Now we’re past the halfway point of NBN delivery, and inequality of the service is clear at two levels.

Large scale

Recent research shows there is a clear digital divide between urban versus regional Australia in terms of access to the NBN. Regional Australia is missing out, both in terms of pace and quality of delivery in the mixed-technology model. This pretty much means that WA and NT are the worst off parts of the nation, because of the spread and dominance of regional and remote communities within them.

“Fine grain” scale

As described on Four Corners, mixed-technology NBN within local government areas and neighbourhoods means some people are better off than others.

Some receive fibre-to-premises service while others have fibre-to-node. The quality of the service also depends on how far someone lives and works from a node, which basically suggests even people on the same fibre-to-nodes service could have varied level of (dis)satisfaction with their internet and phone services.

Research published in 2015 captured some of the frustrations on the ground at the local government level. Differing qualities of internet services available were perceived to have direct implications for local economic development, productivity, and sense of community at the local level.

The two layers of NBN inequality mean that while some customers may be happy with their NBN, many experience a frustrating downgrade of service after moving to the NBN. This may help explain the increase in the number of NBN complaints across the nation.


Read more: Lack of internet affordability may worsen Australia’s digital divide


Let’s start moving forwards

Politicising the NBN and blaming one party over another has been part of the national misfortune around the NBN. But, I believe, the inequality of the NBN is part of a bigger trend in infrastructure decision making in Australia that fails to fully account for the socioeconomic implications. Other examples of this trend are seen in major (controversial) transport projects around the nation (e.g. East West Link in Melbourne, WestConnex in Sydney).

Current and future Australian governments must accept responsibility, and find a way forward for the NBN that is built on the notion of equitable service.

We can start with questions such as who needs the service the most, and who can do the most with it. These two questions refer to the social inclusion and productivity implications of the NBN.

The ConversationThe NBN, as a publicly funded national infrastructure project, has to be equitable to be a truly nation building platform. As long as it is failing some, it is failing us all as a nation.

Tooran Alizadeh, Senior Lecturer, Director of Urban Design, University of Sydney

This article was originally published on The Conversation. Read the original article.

Australians left to monitor their own NBN broadband speeds



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A simple broadband speed test from speedof.me.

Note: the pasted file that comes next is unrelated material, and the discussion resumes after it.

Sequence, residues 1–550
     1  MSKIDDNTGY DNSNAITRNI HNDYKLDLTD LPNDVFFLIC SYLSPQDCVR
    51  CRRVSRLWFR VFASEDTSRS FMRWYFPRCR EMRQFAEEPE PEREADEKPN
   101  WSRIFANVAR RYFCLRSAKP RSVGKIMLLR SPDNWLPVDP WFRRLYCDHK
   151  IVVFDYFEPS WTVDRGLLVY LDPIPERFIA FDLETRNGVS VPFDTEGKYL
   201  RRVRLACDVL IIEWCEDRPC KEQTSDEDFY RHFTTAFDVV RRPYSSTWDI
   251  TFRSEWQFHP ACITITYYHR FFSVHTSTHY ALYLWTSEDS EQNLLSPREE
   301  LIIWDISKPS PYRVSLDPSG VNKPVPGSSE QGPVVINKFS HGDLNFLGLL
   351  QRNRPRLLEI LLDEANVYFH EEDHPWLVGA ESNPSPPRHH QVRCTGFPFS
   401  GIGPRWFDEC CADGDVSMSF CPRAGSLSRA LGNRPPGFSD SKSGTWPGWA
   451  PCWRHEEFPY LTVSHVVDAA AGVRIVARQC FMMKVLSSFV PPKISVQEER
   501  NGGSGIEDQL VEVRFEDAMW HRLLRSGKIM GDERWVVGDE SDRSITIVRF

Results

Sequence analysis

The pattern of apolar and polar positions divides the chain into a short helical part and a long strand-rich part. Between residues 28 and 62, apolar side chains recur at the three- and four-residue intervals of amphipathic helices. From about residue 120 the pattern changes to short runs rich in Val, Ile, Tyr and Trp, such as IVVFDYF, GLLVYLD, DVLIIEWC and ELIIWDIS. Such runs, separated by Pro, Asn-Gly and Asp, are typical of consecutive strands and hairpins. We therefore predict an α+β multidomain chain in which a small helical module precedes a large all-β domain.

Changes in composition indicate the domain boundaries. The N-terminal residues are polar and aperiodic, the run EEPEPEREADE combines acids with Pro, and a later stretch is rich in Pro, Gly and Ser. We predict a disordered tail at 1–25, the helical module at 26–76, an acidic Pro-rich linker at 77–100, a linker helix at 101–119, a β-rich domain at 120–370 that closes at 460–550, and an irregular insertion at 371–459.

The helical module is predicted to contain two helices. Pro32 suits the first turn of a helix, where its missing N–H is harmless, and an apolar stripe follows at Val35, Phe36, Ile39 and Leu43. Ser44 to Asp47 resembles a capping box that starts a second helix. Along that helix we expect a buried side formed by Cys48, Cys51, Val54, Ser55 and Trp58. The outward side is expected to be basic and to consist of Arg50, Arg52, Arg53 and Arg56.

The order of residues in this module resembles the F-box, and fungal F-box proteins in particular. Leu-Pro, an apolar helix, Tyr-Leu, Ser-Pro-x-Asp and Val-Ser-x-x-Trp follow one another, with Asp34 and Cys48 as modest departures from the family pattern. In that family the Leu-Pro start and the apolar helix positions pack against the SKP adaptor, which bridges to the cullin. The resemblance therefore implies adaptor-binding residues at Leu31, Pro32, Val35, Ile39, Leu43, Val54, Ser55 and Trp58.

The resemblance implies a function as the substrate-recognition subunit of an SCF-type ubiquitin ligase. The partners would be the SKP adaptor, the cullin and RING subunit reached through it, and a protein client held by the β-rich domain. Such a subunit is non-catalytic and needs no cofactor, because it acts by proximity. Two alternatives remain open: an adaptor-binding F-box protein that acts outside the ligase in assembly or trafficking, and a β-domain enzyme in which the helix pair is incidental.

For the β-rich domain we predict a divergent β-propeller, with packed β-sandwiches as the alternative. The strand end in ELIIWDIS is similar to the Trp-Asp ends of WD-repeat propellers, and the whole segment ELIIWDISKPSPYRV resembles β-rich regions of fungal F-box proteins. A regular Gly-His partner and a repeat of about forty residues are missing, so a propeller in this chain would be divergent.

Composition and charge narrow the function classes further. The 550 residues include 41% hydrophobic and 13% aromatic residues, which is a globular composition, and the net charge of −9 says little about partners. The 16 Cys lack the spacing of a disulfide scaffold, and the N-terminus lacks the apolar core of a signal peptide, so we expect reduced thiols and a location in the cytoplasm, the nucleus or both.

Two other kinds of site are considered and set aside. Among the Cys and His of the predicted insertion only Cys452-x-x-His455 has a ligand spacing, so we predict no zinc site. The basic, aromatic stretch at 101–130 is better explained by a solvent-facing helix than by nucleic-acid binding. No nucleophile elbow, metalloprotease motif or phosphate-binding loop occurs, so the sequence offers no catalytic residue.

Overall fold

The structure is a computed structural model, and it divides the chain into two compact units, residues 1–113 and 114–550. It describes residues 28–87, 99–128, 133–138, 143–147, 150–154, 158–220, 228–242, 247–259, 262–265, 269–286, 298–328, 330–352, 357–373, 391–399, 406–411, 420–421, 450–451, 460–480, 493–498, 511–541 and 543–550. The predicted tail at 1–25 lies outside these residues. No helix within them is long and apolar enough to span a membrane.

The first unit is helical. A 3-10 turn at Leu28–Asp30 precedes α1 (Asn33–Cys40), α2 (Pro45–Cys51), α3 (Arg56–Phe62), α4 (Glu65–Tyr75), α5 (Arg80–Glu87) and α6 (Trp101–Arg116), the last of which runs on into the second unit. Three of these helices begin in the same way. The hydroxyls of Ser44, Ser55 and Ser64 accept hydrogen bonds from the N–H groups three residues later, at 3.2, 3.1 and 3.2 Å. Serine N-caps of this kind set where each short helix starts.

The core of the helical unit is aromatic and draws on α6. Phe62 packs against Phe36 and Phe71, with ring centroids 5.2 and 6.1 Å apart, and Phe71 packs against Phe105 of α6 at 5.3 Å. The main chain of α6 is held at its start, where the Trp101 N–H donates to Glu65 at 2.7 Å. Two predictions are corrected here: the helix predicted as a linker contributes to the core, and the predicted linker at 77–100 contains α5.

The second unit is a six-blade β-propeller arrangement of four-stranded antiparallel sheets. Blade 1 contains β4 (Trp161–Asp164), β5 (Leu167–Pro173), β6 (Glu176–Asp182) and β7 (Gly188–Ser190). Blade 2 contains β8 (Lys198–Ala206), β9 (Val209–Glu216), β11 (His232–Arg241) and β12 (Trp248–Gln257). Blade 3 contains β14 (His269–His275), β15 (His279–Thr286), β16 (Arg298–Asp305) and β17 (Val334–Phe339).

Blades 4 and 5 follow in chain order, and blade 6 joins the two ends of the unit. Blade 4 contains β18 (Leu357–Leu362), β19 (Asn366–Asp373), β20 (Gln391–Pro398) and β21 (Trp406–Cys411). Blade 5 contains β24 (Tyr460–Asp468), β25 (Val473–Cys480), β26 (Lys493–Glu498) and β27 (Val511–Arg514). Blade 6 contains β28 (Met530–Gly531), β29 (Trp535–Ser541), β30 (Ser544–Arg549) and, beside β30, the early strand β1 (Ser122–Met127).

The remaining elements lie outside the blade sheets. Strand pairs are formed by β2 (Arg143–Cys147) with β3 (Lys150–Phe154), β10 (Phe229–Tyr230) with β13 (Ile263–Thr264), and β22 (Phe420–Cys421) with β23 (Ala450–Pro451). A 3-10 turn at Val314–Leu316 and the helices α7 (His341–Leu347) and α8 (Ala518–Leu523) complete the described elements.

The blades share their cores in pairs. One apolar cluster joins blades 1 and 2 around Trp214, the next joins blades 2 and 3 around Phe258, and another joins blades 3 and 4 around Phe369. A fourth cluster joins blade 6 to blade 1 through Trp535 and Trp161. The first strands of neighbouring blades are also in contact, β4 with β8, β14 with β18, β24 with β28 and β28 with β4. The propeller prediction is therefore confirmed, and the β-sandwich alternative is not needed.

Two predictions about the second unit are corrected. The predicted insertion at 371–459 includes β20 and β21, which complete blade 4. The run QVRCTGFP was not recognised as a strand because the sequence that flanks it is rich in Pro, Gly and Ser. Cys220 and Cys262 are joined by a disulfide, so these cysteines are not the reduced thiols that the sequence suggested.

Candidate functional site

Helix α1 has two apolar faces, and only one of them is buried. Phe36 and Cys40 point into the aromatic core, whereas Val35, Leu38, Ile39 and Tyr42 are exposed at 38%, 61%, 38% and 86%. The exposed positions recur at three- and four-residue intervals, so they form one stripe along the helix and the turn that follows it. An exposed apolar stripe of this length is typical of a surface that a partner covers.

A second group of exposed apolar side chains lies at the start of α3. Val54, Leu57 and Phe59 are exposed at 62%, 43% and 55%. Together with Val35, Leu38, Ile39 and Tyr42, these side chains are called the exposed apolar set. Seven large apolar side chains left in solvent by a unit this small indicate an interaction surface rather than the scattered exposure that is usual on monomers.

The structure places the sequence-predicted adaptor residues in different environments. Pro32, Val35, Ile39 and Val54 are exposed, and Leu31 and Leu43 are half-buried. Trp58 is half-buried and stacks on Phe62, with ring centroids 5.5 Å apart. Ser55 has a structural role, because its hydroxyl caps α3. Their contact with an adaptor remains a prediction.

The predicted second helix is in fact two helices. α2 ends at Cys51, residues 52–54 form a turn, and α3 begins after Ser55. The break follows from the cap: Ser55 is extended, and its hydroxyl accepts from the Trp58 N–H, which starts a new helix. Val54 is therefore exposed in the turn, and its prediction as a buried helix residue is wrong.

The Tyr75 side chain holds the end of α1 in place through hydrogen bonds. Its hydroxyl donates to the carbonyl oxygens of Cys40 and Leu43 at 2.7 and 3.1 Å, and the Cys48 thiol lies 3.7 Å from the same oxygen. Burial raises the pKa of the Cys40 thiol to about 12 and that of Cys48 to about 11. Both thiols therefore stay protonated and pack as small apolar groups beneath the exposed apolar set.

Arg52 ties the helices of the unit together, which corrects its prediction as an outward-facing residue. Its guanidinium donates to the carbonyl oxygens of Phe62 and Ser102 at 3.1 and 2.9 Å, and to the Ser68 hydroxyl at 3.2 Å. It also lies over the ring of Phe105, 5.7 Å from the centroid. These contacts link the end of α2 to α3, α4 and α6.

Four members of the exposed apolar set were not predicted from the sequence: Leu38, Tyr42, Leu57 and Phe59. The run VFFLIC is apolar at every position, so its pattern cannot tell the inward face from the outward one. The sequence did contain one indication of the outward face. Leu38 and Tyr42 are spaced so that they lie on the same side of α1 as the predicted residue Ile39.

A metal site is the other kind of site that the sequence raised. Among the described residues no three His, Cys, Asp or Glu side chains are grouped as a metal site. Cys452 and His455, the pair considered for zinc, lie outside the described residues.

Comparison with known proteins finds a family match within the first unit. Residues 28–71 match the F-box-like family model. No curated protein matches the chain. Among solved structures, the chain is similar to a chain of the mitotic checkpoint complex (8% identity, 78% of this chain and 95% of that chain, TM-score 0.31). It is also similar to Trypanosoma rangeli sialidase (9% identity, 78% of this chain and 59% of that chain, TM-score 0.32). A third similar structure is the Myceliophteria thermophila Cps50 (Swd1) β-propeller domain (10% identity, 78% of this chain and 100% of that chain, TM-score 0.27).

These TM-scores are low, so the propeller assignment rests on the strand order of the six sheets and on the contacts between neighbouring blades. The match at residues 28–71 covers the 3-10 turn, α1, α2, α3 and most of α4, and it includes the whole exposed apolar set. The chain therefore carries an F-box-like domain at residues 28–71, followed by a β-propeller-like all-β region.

Shutterstock/garagestock/Screenshot from http://speedof.me

Thas Ampalavanapillai Nirmalathas, University of Melbourne

The Australian Competition and Consumer Commission has pledged to get tough on any Internet Service Providers that mislead consumers about National Broadband Network speeds.

But how do you know if you’re getting a good deal when you connect to the NBN? How do you know if you’ll be getting the high-speed connection you were promised?

NBN Co is building the infrastructure, with 5.7 million premises now able to connect to the network via fibre, hybrid cable, wireless or satellite. To make that connection though, you have to deal with one of almost 150 listed ISPs.

Customers are ‘confused’

The ACCC’s chairman Rod Sims says we should expect a healthy and competitive sector. But he also says many consumers are “confused about broadband speed advertising” and the industry has been “inconsistent in making clear, accurate information available”.

So it is crucial for the ACCC to ensure that companies do not mislead consumers about the speeds offered by their ISP.

The Australian market is different to that in the United Kingdom, where the regulator Ofcom actively provides accurate information to consumers to enable a comparison of services.

Australia takes a different approach, relying on protections available via consumer law, and encouraging industry self-regulation to provide the right information to the consumer.

The experience you get really depends on a range of factors relating to transmission quality, reflected as speed of connectivity and latency (delays) in exchanging information across the internet. Key factors include:

  • how you connect to the internet router in your house (such as by Wi-Fi or ethernet)
  • the transmission quality from home to the Point of Interconnect (where the ISP’s network connects to the NBN)
  • transmission quality within the ISP network